Verviers is nicknamed the water capital of its region because the city used the River Meuse to build its wealth in the textile industry.
The river flows through the centre of the Belgian town.
That's why there was so much damage when it exploded over its banks a few days ago, turning the streets into torrents of water flowing several metres deep.
The city, like so many others, simply wasn't prepared.
As Verviers residents wearily clean the stinking mud out of their ruined homes, thoughts are turning to the fragility of the infrastructure that supports life here; how quickly all the fabric of our modern world was ripped apart.
There is still no power, no cabled internet, patchy mobile phone signal, and in some areas, no fresh water.
Many of the roads and bridges are shut, and the pavements are piled high with rubbish.
Nameer Laghzaoui takes us into his ruined pizza shop. Piles of gluey flour line the floor. He shows us the basement - all his wiring and fuse boxes sit, dripping.
He said: "It is all gone. Ruined."
I ask if he wants to go, move further away from the water.
"No, I will stay, I have to."
His whole life savings are in this business, and he has no choice but to wait for insurance to pay out and hope it doesn't happen again.
A few metres away we find Louis Pirout working hard to find out just how badly the town's power supply and wiring has been damaged.
His job is to restore TV services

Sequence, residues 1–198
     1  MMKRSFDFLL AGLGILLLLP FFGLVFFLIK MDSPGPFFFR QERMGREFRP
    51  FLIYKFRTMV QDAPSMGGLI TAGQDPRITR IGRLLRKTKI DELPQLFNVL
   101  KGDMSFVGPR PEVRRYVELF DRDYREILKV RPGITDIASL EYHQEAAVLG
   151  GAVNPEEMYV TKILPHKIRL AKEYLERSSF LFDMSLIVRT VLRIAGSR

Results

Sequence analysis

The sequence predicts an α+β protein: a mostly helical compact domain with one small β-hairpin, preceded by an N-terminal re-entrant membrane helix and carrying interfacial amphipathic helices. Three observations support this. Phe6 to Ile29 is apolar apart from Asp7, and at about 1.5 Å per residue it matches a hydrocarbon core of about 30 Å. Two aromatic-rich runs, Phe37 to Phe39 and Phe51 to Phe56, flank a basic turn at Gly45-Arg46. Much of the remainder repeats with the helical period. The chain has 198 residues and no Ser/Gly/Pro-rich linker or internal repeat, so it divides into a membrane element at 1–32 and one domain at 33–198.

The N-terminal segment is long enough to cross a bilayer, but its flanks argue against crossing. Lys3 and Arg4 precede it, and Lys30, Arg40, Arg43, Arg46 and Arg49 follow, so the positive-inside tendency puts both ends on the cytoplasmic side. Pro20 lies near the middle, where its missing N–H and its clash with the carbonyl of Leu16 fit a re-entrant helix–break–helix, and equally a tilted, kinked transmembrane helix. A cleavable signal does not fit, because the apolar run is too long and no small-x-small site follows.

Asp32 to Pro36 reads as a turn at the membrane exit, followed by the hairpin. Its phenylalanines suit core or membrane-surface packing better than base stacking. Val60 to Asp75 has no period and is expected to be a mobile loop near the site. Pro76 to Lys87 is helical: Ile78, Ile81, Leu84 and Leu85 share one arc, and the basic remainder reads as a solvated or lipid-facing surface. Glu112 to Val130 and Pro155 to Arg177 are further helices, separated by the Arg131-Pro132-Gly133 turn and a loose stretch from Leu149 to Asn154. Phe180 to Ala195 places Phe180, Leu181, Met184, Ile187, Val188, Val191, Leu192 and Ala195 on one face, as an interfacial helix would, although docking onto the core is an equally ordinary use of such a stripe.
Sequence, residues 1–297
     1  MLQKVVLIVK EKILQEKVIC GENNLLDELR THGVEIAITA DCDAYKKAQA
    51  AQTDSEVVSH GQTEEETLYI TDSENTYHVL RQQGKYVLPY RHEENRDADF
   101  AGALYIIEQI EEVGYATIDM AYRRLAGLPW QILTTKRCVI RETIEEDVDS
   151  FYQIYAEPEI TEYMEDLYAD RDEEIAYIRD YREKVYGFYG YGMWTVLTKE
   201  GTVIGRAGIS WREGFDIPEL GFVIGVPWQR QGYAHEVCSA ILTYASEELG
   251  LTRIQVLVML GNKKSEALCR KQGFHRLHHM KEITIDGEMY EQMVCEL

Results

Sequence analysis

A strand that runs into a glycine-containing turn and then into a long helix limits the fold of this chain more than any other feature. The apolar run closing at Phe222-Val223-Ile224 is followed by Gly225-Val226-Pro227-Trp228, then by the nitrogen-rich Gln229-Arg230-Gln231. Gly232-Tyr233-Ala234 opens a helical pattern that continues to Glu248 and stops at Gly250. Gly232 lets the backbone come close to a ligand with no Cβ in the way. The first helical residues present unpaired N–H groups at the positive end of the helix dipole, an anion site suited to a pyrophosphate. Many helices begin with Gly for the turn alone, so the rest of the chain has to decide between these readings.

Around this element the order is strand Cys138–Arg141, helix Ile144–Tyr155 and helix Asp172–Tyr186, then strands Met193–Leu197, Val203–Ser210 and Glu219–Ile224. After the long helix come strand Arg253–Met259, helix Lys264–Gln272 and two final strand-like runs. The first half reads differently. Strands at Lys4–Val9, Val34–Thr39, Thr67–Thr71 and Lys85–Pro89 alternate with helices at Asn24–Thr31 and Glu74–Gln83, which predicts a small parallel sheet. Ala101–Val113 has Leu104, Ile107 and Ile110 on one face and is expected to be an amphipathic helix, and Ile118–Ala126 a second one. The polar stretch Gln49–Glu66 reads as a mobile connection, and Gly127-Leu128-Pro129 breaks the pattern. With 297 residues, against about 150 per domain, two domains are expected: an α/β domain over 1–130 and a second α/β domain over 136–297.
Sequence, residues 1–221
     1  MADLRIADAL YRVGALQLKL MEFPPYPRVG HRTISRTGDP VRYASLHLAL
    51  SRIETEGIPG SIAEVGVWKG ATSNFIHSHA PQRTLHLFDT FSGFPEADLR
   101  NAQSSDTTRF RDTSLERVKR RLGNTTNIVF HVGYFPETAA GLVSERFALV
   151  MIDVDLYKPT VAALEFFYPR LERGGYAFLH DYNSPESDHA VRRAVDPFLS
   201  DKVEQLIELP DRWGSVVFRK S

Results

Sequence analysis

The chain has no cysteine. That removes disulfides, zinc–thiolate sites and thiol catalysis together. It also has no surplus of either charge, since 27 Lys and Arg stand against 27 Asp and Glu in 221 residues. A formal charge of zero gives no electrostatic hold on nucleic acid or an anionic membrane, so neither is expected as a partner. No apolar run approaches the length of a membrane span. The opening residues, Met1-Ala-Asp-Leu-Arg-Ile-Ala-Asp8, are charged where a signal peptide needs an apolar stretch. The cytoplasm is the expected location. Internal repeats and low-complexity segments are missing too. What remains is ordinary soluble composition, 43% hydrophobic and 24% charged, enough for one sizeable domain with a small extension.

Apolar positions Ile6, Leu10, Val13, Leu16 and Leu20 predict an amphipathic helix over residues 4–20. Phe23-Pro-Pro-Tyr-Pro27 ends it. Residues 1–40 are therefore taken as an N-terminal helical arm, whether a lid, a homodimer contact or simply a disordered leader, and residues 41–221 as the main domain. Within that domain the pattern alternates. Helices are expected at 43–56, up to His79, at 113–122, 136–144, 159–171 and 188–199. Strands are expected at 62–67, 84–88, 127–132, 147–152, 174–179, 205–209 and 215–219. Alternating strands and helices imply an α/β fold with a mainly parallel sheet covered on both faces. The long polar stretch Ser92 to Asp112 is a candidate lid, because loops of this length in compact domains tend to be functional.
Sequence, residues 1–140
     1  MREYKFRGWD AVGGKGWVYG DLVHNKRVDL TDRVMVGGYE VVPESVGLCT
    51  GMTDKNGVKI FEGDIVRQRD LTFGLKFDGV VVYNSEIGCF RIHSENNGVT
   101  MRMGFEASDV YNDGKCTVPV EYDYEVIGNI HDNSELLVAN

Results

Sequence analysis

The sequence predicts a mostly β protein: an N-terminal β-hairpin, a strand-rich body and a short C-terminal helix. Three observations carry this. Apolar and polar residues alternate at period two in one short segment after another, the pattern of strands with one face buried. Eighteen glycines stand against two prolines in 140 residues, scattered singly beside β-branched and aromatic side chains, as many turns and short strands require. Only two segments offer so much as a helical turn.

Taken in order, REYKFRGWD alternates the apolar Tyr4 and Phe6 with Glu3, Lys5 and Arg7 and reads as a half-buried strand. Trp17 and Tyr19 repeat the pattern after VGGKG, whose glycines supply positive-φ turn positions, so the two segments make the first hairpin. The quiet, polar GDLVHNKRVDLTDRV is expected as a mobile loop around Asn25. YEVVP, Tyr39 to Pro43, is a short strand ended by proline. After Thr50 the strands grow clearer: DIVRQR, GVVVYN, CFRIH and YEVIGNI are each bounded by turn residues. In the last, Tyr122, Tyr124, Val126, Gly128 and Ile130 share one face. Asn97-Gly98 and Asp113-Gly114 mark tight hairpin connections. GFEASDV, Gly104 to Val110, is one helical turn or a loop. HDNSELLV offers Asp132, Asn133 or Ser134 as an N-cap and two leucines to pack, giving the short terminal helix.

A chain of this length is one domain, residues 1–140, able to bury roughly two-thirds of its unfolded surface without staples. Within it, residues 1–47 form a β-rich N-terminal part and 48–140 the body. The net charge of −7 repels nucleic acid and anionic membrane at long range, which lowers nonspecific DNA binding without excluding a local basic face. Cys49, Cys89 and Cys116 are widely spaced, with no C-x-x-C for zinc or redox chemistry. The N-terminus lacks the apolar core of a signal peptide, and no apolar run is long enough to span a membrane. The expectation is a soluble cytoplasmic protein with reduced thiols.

Was the town ready, I asked?
"No. Absolutely not.
"We are a crowded town around the river which is why it was so bad."
He doesn't know how long it will take to get everything back on line.
There are huge holes in the pavements everywhere, exposing mangled pipes and cabling. It doesn't look like a quick job.
Up and down the streets there are people delivering bottles of fresh water.
One of the reasons for that is businesses nearby aren't open to sell anything.
We ventured into an all but destroyed supermarket to find the owner, Francoise Wilmain, surveying the damage.
He cannot see how he will be able to reopen.
"It was my business, my life, it is finished."
On one street closest to the river Meuse a huge clean up is underway. Mountains of furniture, pots, books pile high under the hot sun as people salvage what they can.
Valerie Corman told us how she thought the city didn't give them enough warning.
She said: "The city is going to have to change."
She also said that she hopes during the rebuilding process, they find a way to create better flood defences, so if it happens again, the damage won't be so great.